Misty Fjords, Ketchikan, Alaska
When I spotted this postcard in a shop in Ketchikan with a photograph of Misty Fjord National Monument in Alaska by Michael M. Anderson it immediately reminded me of places in Norway. The card is another “Alaska Joe” original distributed by Greatland Classic Sales Col, Inc. and has the number 82-13BG on the reverse. The blurb on the card states: “Misty Fjord National Monument is home to incredible beauty with its granite cliffs extending to the sky and its gorgeous blue lakes.”
Located in a portion of the Tongass National Forest in Alaska’s Panhandle, about 40 miles or 64 km east of Ketchikan, the first European to visit was George Vancouver in 1793. It is a remote area accessed by cruise ships or aircraft. There are overnight charter services for people wanting to spend more exploring by kayak. Our cruise ship did not visit Misty Fjords so we did not see this in person.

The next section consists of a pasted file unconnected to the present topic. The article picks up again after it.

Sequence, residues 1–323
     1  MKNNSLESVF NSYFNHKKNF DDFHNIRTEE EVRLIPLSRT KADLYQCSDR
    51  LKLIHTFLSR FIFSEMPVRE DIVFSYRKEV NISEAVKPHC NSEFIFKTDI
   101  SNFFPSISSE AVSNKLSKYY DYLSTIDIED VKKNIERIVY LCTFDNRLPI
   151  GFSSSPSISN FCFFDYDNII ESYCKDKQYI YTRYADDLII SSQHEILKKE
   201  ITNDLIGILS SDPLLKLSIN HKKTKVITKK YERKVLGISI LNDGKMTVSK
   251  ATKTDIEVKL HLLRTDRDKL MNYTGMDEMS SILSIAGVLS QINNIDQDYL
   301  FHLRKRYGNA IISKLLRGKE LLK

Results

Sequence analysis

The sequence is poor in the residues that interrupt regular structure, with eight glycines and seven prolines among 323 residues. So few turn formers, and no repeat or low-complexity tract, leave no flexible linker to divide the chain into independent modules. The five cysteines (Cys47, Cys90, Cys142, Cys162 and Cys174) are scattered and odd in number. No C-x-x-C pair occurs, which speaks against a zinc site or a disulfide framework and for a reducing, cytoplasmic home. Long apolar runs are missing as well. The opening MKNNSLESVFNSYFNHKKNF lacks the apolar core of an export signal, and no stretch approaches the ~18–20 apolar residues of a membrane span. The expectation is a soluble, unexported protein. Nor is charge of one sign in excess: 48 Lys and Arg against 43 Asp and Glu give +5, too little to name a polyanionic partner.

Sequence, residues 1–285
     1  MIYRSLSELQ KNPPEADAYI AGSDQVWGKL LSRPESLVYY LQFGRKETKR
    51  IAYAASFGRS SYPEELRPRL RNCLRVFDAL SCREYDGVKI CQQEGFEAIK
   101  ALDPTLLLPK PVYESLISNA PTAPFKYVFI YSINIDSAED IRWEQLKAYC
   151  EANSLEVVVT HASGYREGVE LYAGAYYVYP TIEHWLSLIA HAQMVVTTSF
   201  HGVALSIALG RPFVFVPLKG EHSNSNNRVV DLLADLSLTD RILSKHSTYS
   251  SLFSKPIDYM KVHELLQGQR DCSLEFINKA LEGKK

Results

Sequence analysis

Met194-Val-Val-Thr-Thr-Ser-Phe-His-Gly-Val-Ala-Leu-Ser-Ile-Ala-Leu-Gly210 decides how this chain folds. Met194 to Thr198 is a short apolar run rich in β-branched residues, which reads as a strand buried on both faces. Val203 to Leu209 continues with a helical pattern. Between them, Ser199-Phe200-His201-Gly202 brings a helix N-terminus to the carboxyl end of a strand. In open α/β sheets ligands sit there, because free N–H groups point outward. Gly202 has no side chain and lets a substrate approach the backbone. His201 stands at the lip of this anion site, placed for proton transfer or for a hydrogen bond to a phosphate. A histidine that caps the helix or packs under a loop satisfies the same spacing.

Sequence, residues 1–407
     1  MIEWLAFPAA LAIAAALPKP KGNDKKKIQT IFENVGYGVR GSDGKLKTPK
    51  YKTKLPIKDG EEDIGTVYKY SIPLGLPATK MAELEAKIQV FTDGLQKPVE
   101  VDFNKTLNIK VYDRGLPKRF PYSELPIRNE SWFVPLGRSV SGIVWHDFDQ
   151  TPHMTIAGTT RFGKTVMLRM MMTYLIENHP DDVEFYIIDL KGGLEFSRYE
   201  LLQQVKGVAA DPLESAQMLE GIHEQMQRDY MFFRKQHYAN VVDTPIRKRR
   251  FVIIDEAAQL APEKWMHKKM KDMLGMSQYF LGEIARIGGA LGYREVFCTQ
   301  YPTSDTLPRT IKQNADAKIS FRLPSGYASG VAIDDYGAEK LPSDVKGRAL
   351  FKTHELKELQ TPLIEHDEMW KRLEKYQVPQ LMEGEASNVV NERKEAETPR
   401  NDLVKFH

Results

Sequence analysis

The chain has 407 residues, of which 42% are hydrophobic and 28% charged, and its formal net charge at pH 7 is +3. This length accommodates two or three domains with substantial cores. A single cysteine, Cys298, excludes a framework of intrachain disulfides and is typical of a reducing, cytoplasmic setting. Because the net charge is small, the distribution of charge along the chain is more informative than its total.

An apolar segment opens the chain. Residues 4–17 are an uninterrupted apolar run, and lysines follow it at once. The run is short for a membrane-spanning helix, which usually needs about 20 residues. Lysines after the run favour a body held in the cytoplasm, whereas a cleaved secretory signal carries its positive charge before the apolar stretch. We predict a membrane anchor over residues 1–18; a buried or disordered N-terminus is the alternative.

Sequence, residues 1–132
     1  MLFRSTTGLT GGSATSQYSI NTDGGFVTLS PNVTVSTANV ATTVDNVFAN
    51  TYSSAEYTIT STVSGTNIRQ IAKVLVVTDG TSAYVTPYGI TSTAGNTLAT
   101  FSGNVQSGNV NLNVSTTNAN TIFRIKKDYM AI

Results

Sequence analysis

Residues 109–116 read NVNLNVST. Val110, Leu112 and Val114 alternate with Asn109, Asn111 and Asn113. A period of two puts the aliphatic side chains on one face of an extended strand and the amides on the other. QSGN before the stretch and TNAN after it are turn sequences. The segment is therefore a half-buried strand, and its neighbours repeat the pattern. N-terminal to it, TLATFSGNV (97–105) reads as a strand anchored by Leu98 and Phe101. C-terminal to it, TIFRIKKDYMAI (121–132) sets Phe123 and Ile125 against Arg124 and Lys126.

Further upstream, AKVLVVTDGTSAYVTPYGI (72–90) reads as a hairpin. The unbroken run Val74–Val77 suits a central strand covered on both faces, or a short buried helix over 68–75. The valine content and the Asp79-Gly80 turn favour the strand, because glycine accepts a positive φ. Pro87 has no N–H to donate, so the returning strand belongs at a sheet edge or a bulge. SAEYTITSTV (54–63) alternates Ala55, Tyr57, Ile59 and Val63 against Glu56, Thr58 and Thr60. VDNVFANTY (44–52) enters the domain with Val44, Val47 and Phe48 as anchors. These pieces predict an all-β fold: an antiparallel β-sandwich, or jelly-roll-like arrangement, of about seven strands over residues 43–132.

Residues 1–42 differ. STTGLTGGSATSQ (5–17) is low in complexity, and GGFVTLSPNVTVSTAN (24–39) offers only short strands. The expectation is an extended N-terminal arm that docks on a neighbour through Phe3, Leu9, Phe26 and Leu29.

John Muir compared its geology and glacial morphology to Yosemite Valley. The light colored granite sculpted by glaciers is about 50 to 70 million years old. Even though they are not manmade many of the glacial valleys are called canals filled with sea water. The near-vertical walls rise 2,000 to 3,000 ft or 600 to 900 m above the sea level and drop into the sea another 1,000 ft or 300 m below. There are several small glaciers in the high plateaus and valleys.
President Jimmy Carter proclaimed it a national monument in 1978.
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